- Writing music
Passive – Most music therapy also includes a passive therapy element, which revolves around listening, gently moving, sitting, and talking about how music makes you feel. You might have to choose songs that share how you feel, you might have to talk about that, and you might be asked to sit and listen as others express themselves.
- Using music as emotional expression
- Sharing how you feel about music
- Listening to others
- Listening to music
- Using music as an outlet for emotions
While music therapy doesn’t treat drug addiction, it can help you to build skills that are immensely valuable in drug addiction recovery. You can learn healthy outlets, build enjoyable hobbies, find alternatives ways of self-expression, build discipline, improve your focus, and hopefully, make friends at the same time.
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How Does Music Therapy work for Drug Addiction Treatment?
Music therapy can have diverse goals, often adjusted to meet the needs of the individual. These can include helping you to be creative and to find joy in music, offering a form of emotional expression, offering relaxation and moments to destress, encouraging mindfulness and meditation, building discipline, training attention and focus, building habits, and distracting you from cravings.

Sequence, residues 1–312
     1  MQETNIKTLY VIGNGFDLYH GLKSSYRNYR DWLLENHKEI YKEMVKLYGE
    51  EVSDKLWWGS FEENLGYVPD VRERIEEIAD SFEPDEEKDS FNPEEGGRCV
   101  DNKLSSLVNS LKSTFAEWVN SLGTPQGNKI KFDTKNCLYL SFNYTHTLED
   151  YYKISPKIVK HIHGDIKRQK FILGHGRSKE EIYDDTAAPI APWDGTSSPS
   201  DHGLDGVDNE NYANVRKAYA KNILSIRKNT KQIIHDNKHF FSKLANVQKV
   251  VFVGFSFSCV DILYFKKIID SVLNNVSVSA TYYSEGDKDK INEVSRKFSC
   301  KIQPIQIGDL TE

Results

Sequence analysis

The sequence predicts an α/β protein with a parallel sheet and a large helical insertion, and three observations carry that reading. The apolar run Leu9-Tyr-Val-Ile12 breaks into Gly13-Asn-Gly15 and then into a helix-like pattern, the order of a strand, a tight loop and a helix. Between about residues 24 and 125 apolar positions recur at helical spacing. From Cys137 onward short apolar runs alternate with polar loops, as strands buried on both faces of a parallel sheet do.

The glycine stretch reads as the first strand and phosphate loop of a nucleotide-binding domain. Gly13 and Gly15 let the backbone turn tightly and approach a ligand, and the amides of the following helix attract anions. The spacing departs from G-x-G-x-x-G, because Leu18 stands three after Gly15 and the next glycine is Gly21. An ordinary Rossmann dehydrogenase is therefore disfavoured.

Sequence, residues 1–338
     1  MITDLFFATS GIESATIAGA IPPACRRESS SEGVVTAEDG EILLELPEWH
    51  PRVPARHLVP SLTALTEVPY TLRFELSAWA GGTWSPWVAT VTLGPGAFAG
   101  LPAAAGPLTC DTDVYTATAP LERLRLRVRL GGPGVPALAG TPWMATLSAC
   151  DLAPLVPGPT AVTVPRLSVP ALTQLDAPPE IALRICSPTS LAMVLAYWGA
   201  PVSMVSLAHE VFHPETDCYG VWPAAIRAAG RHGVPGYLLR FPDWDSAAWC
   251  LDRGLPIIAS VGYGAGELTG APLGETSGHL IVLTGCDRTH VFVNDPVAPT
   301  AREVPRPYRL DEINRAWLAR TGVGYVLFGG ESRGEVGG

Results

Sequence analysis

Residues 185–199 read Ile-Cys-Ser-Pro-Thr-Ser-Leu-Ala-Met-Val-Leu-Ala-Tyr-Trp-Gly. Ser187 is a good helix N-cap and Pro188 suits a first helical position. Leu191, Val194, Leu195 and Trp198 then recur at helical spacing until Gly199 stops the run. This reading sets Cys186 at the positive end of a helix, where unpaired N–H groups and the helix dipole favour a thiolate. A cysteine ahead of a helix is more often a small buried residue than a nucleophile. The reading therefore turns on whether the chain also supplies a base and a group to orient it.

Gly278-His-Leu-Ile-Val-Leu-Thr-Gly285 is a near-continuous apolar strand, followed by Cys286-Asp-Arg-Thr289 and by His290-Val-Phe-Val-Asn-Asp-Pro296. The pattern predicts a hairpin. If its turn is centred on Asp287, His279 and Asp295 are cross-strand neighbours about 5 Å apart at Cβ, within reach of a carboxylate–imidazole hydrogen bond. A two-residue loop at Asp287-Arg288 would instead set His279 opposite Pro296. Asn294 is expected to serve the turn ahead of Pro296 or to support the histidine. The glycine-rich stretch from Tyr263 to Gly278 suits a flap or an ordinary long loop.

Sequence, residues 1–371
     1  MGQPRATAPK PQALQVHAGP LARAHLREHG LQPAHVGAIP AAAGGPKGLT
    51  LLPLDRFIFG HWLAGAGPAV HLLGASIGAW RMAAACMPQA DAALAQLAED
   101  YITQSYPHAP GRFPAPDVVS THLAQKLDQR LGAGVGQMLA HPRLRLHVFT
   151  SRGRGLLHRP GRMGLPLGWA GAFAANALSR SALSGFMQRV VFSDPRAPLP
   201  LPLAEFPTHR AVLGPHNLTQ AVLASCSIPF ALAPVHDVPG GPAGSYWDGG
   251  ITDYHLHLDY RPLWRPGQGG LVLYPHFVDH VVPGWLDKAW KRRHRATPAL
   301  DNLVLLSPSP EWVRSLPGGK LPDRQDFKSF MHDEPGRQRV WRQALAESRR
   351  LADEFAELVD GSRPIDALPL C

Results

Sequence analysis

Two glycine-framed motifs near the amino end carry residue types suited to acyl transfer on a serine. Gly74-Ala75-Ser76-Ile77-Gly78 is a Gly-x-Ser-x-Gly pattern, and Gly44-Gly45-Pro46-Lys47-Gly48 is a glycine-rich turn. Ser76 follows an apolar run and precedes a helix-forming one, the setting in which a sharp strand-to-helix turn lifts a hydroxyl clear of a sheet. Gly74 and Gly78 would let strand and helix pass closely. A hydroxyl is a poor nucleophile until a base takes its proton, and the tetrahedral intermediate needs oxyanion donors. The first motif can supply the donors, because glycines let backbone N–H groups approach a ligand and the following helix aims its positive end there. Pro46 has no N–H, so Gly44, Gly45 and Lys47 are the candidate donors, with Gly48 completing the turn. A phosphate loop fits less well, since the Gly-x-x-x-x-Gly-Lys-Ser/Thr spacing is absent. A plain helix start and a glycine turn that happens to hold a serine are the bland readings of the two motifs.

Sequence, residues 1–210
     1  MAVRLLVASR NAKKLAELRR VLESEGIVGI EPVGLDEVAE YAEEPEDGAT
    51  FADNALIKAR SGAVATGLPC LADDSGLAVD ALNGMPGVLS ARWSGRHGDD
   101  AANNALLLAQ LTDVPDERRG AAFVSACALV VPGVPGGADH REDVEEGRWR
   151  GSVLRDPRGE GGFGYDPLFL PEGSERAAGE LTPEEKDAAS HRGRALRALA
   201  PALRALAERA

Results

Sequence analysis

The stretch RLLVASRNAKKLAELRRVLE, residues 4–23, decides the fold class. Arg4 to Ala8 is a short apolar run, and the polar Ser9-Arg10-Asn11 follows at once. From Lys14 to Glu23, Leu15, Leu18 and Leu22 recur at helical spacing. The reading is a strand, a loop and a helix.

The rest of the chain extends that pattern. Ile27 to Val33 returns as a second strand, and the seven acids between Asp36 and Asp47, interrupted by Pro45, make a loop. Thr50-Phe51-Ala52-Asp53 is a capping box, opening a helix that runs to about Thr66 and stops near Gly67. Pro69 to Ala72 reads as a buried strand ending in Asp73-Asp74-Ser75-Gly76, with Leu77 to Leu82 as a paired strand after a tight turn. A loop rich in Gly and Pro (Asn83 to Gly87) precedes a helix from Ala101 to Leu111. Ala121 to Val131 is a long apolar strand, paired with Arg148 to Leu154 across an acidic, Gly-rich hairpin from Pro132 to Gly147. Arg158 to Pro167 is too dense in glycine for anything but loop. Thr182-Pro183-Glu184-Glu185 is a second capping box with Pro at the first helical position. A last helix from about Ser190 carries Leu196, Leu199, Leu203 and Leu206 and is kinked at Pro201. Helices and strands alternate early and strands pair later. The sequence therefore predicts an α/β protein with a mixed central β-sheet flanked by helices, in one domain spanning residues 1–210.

Relieving Stress – Most people find music to be at least somewhat stress relieving, in nearly any form. Playing and actively engaging with music also works to promote mindfulness, where individuals have to focus on the present and what they are doing. Acts of mindfulness can be powerful in both relieving temporary stress and in promoting a healthier mindset over the long term.
Building Focus – Many people moving out of drug addiction have trouble with focus and concentration. Music, especially learning an instrument, can help you to rebuild that, both through focus on routines and practice and on focusing on music. Because music can also be fun and enjoyable, it’s a relatively easy way to train focus for many.
Discipline – Moving into recovery requires a lot of discipline. You have to build habits surrounding exercise, nutrition, and self-care. Music therapy can start you on the path to building and keeping routines, staying disciplined, and keeping up habits. This is important because drug abuse can erode discipline, triggering irrational and impulsive behavior. Learning new habits helps you to build others, and building a daily practice of listening to, writing, and playing an instrument can help you to build that discipline.